hello, bill. they can do anything they want. >> steve, the drug industry has to deal with the f.d.a. that has a website saying we're denying patents or we have complaints about drugs. the markets have dealt with that. >> the f.d.a. process is supposedly scientific and less so under obama care. unless they pretend to have science to come up with the opinion. this is wide-open manipulation. >> david: morgan, we have seen how easily manipulated the government is with the special interest inside the beltway. >> why was this information not available on us on a government website before this? talk about the lobbyist and the money that will go into how this website is controlled. who is controlling -- >> david: that's not a bad question. why is it off the website? >> it's insane to talk about expanding the federal government at a time it occupies 25% of the g.d.p. and it's the number one issue -- >> how is this expanding the federal government when all it
is providing a vetting process? >> new agency, new payroll and everything. >> expand the federal government. one thing we haven't discussed it will add to costs. for companies to battle this, it will cost them money and that cost is passed to consumers. >> business is getting hit with the higher taxes and regulation. this is another thing they have to expense. >> this is a harmless venture. look at what happened with the crazy toyota claims. they were balderdash. they went on a government website, a forbes reporter said it's nonsense. reporters can figure out what is truth and not true. >> bill is right. >> toyota took a hit to its reputation and had to spend millions to fight this nonsense. why should the government aid and abet that? it's bad enough in the open market. >> we have the better business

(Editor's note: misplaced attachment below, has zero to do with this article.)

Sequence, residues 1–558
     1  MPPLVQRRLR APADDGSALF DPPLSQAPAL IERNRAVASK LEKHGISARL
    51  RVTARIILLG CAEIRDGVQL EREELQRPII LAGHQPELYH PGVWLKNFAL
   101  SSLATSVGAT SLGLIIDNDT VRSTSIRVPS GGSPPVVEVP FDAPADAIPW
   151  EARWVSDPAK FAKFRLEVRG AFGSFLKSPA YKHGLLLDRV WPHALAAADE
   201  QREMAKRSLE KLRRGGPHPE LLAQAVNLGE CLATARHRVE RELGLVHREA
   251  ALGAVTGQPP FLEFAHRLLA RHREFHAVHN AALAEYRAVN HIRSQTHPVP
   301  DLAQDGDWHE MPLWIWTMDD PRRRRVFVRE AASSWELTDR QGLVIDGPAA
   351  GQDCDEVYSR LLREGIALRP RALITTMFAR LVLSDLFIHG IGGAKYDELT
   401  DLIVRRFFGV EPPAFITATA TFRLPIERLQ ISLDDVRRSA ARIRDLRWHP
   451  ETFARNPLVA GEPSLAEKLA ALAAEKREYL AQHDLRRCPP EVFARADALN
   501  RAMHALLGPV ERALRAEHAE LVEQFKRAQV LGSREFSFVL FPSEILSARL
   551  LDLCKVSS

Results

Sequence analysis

bureau, and the own website of complaint. it's hardless. >> last word from emac. up next, remember this -- >> i don't know how they're going to be able to argue that extenting permanently the high-end tax cuts is good for the economy. >> the president should stick around for this one. new report showing that the tax cuts could already be helping the economy. that's next. ó
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not spend the extended bush tax cuts. but now they are spending and how. a new report says upper income shoppers splurging 45% more during christmas week. and now retailers, luxury ones like tiffany are upping their profit outlook for 2011. are the tax cuts helping the economy? >> sure they are. the president is living in a keynesian fantasy land. rebates are one-shot and cut in tax rate means you have more incentive so the rich is spending more. good for the economy. >> david: extenting the bush tax rate cut are good for the whole economy? >> wow, david! we started the segment with how the average people should work for less money and now we talk about how the ultra super wealthy, super duper rich guys should get more tax breaks because tiffanies did well at